IFPRI-AMIS SEMINAR SERIES
Market Concentration in the Grain Industry: Implications for Food Security?
Co-organized by IFPRI and Agricultural Market Information System (AMIS)
SEP 7, 2023 - 9:30 TO 11:00AM EDT
2. Between December, 2015 and September, 2016
3 major mergers were announced
• Bayer Would Acquire Monsanto
• Dow and DuPont Would Merge
• ChemChina Would Acquire Syngenta
The world’s six large seed and agrochemical firms would
combine into four: Bayer, Corteva, ChemChina, & BASF
The competitive issues in those mergers remain relevant
for research-intensive food and ag sectors
3. US Antitrust Laws Prohibit Mergers that “May
Substantially Lessen Competition”
• Two issues for enforcement authorities:
• Will a merger lead to higher prices for seed and
• Will a merger lead to reduced competition in innovation,
with less research and fewer innovations in the future?
4. Specific US Markets of Concern, in Bayer-Monsanto
Vegetable & melon seeds
Carrot seeds: 94%
Cucumber seeds: 90%
Onion seeds: 71%
Tomato seeds: 55%
Genetically modified seed traits
HT cotton: 99%
IR cotton: 85%
HT soy: 81%
HT canola seeds: 74%
Foundational herbicides: 60%
Nematicidal seed treatments: 90%
So the focus is on highly concentrated markets—1-4 competitors.
And many seed & chemical markets are highly concentrated
Combined Bayer-Monsanto Market Share
5. Competition and Prices
• Concentration matters: will a merger leave 2, instead
of 3, competitors? 3 instead of 4?
• Will prices then ↑? That also depends:
• Competition among product types matters. Can buyers
easily shift to a competing chemical product?
• Note that this question also encompasses buyers’ perceptions, and
ease of switching among sellers.
• Ease of entry matters: if a merger combines the only rivals,
and they raise price, how likely is it that another firm would
enter the market?
• Low concentration, easy entry, ease of buyer switching, and
substitute products all limit the opportunity to ↑ prices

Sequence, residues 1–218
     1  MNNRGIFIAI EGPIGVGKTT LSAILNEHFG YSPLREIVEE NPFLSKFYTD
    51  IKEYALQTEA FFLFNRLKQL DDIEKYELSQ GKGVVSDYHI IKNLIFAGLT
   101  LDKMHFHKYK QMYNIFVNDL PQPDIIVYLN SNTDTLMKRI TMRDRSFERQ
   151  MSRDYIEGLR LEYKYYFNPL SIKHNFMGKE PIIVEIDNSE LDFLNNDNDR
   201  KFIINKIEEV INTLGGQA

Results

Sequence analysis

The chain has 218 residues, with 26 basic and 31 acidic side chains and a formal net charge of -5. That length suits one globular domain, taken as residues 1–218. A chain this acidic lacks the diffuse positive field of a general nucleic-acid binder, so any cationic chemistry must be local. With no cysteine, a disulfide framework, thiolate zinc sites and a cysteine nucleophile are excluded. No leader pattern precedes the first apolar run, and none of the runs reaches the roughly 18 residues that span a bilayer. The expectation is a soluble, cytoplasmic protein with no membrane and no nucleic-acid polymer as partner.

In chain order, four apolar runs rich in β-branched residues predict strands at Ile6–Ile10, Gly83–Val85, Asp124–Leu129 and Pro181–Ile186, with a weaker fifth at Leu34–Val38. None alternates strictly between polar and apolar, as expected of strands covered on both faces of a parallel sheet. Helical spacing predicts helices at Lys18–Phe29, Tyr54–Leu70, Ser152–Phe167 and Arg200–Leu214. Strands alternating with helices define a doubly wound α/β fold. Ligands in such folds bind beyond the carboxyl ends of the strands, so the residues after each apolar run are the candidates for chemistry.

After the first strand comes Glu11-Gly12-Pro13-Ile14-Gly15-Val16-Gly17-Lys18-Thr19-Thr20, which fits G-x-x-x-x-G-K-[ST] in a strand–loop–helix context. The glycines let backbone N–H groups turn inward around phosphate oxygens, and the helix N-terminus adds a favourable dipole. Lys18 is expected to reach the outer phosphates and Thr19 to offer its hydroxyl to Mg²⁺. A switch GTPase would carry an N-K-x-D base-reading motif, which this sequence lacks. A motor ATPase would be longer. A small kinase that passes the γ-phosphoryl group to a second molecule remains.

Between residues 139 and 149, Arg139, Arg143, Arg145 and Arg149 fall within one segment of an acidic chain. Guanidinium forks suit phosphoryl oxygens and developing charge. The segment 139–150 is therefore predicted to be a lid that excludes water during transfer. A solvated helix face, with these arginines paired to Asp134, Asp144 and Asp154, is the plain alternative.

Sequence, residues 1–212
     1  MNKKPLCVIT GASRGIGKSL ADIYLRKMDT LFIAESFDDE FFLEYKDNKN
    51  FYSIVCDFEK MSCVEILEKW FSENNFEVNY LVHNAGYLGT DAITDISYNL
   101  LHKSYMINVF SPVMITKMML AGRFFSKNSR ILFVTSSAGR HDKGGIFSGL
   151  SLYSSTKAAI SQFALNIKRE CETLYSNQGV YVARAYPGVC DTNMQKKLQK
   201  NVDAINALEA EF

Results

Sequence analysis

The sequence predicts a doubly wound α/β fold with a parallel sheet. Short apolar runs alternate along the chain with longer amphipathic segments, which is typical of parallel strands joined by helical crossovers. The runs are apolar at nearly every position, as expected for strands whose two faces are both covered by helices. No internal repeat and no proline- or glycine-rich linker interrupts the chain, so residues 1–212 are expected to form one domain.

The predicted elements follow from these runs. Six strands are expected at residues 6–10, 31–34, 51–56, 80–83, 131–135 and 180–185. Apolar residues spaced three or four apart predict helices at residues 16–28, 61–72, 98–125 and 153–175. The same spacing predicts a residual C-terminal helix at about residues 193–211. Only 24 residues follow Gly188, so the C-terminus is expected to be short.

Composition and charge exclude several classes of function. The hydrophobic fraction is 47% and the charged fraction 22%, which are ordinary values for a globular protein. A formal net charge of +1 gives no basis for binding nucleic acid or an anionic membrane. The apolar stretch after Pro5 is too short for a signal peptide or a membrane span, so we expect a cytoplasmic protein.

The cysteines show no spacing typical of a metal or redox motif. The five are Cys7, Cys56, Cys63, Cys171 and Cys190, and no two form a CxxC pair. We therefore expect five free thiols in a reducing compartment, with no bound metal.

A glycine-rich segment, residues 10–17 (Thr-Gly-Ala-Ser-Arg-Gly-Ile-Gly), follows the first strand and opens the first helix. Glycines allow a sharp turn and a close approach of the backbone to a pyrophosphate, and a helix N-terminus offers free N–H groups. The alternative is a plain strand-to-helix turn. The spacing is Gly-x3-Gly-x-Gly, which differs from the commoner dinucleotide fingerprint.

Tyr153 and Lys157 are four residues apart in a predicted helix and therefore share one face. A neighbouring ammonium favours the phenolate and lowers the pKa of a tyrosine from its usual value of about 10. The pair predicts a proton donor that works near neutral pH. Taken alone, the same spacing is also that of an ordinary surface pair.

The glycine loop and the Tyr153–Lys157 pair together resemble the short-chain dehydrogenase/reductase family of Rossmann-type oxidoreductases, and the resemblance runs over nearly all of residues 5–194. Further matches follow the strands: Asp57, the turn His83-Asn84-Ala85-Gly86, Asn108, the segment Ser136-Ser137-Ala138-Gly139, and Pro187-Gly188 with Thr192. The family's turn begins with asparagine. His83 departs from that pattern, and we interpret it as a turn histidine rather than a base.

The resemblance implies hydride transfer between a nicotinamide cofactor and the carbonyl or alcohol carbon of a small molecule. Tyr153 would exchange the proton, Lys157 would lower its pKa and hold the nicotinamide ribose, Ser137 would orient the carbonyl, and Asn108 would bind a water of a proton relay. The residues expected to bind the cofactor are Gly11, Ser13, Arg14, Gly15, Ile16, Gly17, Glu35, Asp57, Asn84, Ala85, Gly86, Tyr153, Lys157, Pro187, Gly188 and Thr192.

• And make it less likely that a merger will be opposed
6. Competition and Innovation
• Will a merger enhance the ability to innovate?
• Perhaps by combining complementary research
• Or by providing size and scale for research?
• Alternatively, will it reduce the incentive to innovate?
• Consider the extreme: your new product simply cannibalizes
sales from your old products.
• Example: merger between the only two rivals
• The likely gains from a research investment will then be much
smaller than if sales were going to be drawn from rivals
• In that case, why invest in research?
7. Innovation Issues Are of Growing Importance
in Antitrust Enforcement
• Most food system merger cases focused on pricing
• For example, JBS-National Beef, Cargill-Continental Grain, &
• But innovation plays a growing role
• For example, Precision Planting (Monsanto-Deere)
• And now, Bayer-Monsanto and Dow-DuPont
• For the future: chemicals, seeds, equipment, breeding, digital
8. What Happened?
• The mergers proceeded, subject to significant
divestitures (asset sales to other firms)
• Syngenta-ChemChina: some generic products
• Dow-DuPont: DuPont pesticide businesses & crop
protection R&D organization sold to FMC
• Bayer-Monsanto: Bayer seed & pesticides businesses sold
9. Conclusions: The Big Issues
• Many seed, agricultural chemical, & equipment
markets are highly concentrated
• 1-4 rivals
• The economics of competition policy
• Can high concentration reduce research incentives and
investments? Under what circumstances?
• When do mergers lead to price ↑?
• Is current policy too lenient?
• Do divestitures work as a remedy for competition concerns in